September 23rd, 2016. Penguin 4.0 – after a 2 year hiatus Google unrolled what has become known as the real-time update which will be the last major update of its type. Historically Penguin would penalise sites upon an update which in turn meant that these sites would then have to wait until the next update to find out if their remedies had been effective or not. For those caught by Penguin 3.0 back in 2014 this may have meant a wait of nearly 2 years to be released from the grasps of Google’s infamous Penguin. The new update refreshes in real time as Google continuously crawls the web and reindexes pages and sites, meaning that there is a constant re evaluation of sites. Furthermore, Google pointed towards a ‘finer granularity’ for Penguin which some have taken to mean that pages can be penalised rather than the whole site although Google has not confirmed the extent to which pages vs sites will be penalised.

Update: Gary Illyes from Google confirmed that as part of Penguin 4.0 Google will attempt to devalue spammy links pointing to a site rather than penalise/demote the site. However, he did go onto say that manual action will still be taken on sites that ‘systematically’ try to manipulate search results through link spam. Again, it really isn’t worth the risk and if you are engaging in extensive link spam you are still putting your whole site in the firing line.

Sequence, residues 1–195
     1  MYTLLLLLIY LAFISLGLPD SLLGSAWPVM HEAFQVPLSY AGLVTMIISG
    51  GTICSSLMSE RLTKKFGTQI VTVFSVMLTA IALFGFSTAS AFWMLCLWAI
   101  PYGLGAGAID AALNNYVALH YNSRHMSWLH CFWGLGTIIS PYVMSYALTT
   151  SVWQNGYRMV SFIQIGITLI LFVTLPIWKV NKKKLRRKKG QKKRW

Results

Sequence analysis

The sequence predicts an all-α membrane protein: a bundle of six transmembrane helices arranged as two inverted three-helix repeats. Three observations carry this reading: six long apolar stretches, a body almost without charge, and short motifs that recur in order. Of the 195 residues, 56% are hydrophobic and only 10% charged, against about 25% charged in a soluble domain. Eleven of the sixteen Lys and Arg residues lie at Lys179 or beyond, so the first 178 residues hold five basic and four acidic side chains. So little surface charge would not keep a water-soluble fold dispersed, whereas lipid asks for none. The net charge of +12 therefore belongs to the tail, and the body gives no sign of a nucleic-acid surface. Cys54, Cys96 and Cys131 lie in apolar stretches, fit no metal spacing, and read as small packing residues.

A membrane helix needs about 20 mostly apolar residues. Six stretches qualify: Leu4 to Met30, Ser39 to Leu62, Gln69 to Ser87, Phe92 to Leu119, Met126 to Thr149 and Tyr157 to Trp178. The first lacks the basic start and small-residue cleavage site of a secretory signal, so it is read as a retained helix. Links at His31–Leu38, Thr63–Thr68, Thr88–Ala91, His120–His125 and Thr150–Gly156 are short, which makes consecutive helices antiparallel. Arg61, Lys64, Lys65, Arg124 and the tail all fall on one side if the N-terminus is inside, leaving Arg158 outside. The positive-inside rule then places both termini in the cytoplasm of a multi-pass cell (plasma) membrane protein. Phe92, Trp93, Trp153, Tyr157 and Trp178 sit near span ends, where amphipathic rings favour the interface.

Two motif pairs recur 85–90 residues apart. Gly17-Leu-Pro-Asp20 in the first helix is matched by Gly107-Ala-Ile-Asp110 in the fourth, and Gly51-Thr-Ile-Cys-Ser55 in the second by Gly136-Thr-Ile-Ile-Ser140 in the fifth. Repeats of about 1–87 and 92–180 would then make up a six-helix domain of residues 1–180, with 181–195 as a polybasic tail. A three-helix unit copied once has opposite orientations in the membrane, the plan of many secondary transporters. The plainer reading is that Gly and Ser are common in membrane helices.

How effective is it?

Even if you do not stay up to date with the latest SEO analytics data, if you have been working in the SEO industry you will have noticed that Google has improved dramatically in their ability to find and penalise webspam since the release of the Panda and Penguin updates. Penguin’s area of expertise, linkspam, has been devastated and whilst this has certainly not put a halt to those who think they can still manipulate the search results through webspam, it has certainly stemmed the flow somewhat.

What are the penalties?

It is an algorithm and therefore not a manual penalty, although that is not to say that if your website was to go under manual review and had spammy links that a Penguin like penalty would be applied to your site. The impact of being caught by Google’s Penguin are site wide rather than just for the individual page and can be devastating (*update – with Penguin 4.0 sites may only have pages penalised rather than the whole site, although you can only presume that if multiple pages contravene the rules that the whole site would be tarnished). Huge losses in rankings or de-indexing can occur depending on the severity of your transgressions against Google’s webmaster guidelines.

Can you recover from a Penguin penalty?

Yes you can, but for a long time, like Panda you usually have to wait until the next data refresh of the algorithm which, as can be seen from the above, can sometimes be 12 months. Not an ideal situation to find yourself in. This changed significantly with the roll out of Penguin 4.0 in 2016 (the so called real-time update) which should allow sites to recover much faster if they clean up their link spam as Google re assesses their site and inbound links.

Regardless of the real time update taking action, the best route is to dissect your backlink profile and remove all unnatural or spammy links (along with any onsite spam that you can identify). Try and remove the link spam yourself before attempting to use the disavow tool. Google are claiming that they will naturally re assess your site when it is indexed but it isn’t exactly something you would bet your house on.